In Trinidad, The Ministry of Education has the policy of free education for all. They preach that this ‘free’ education is not based on class, wealth, race, gender or ethnicity but rather is a way to ensure that the entire nation is educated. Though these are the promises on Trinidad’s and Tobago’s Education Policy Paper, how is it that only nine of every one thousand people continue onto college, university or any higher education after secondary school?
Twenty-one percent of Trinidadians live in poverty, which means that twenty-one percent of citizens do not have access to running water or proper health care. Because of this, many children in these poor families immediately enter the world of work or become ‘beggars’ to help feed their family. This shows the importance of social class on the initial decision of whether a child will be educated or not. This is not common as only two percent of Trinidad’s population is illiterate.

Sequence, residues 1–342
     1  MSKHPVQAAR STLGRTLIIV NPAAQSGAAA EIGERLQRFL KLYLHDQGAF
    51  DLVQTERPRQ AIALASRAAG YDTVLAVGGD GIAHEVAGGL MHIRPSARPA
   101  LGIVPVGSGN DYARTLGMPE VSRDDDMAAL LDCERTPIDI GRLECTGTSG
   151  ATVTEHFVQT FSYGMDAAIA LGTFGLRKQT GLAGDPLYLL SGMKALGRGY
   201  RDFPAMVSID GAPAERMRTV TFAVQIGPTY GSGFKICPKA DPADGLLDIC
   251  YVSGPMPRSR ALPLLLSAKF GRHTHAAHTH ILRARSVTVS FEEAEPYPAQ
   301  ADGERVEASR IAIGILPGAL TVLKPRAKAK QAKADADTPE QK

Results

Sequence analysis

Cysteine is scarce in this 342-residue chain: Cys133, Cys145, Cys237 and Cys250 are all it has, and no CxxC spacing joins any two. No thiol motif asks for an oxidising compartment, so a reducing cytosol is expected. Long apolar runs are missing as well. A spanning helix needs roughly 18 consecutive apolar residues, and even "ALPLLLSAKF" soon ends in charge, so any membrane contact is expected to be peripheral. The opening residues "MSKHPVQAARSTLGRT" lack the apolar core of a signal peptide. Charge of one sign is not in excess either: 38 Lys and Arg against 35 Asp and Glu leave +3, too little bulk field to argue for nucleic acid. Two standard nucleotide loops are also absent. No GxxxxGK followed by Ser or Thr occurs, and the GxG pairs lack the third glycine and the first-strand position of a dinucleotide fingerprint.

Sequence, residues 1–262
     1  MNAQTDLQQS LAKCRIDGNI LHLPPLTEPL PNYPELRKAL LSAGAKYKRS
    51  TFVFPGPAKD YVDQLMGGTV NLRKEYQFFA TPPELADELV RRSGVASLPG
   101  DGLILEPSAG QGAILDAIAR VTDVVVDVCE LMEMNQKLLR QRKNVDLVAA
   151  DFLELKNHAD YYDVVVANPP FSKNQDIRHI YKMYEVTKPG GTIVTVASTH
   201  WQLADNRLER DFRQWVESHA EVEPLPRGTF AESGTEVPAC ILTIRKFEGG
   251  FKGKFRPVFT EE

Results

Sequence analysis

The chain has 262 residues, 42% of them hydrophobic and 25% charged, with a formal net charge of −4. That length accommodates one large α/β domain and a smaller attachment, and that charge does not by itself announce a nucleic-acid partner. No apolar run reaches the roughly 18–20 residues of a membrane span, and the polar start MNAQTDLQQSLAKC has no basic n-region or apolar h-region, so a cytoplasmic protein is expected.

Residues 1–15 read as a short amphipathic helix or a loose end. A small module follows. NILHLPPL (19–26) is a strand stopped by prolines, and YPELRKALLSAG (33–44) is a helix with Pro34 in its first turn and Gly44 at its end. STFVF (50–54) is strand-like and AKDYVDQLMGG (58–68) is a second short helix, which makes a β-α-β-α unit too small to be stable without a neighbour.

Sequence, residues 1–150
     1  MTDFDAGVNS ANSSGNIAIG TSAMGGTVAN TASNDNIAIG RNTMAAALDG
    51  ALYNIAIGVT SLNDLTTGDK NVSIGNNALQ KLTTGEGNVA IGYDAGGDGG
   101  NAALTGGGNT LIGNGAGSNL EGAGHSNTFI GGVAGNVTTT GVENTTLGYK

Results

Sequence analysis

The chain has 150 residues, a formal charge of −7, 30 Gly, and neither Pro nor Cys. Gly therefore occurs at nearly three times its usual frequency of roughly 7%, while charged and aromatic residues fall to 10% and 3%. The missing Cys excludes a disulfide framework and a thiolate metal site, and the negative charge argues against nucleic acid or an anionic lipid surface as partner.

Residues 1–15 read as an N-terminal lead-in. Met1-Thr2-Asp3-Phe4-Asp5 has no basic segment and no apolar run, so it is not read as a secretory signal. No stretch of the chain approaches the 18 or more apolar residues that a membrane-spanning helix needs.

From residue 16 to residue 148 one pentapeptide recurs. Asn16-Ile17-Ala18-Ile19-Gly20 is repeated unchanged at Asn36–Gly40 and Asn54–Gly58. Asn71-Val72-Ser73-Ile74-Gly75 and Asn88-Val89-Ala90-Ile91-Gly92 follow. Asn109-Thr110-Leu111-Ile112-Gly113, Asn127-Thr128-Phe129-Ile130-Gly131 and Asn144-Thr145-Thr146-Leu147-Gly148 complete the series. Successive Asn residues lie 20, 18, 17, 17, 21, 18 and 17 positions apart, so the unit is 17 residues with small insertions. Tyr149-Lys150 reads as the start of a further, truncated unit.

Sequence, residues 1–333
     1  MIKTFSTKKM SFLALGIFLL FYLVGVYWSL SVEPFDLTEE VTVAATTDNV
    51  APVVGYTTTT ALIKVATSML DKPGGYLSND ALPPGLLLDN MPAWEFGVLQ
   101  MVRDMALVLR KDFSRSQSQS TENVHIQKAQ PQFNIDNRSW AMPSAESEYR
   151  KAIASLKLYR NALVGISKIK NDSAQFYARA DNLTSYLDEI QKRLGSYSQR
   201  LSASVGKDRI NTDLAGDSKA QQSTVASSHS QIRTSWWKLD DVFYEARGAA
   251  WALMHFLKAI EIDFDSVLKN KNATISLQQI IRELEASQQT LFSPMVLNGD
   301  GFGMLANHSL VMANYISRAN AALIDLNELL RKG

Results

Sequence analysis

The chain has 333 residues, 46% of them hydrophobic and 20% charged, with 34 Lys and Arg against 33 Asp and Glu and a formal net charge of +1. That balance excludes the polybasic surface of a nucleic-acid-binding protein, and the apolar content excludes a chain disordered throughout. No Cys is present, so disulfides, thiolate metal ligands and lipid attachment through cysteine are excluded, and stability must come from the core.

I would categorize myself in the middle to high status class in my country and this has, in many ways affected my educational opportunities. I lived in a town known as Diego Martin and though my neighborhood mostly consisted of people within my same social class, the town itself has many neighborhoods consisting of people living in poverty. Pre-school education is not considered by government policies and therefore, there are no public pre-schools and if a family wants to enroll their child in preschool they would have to do so privately and with their own money. This goes to show that the first level of education in Trinidad is in fact not free. Because of this, my parents enrolled me in a private pre-school, which would indeed have to be paid for with their own money. This shows the immediate impact that class has on one’s education from just the first steps. Pre-school in Trinidad usually takes about two years and here is where a child learns his numbers and letters and therefore these children...
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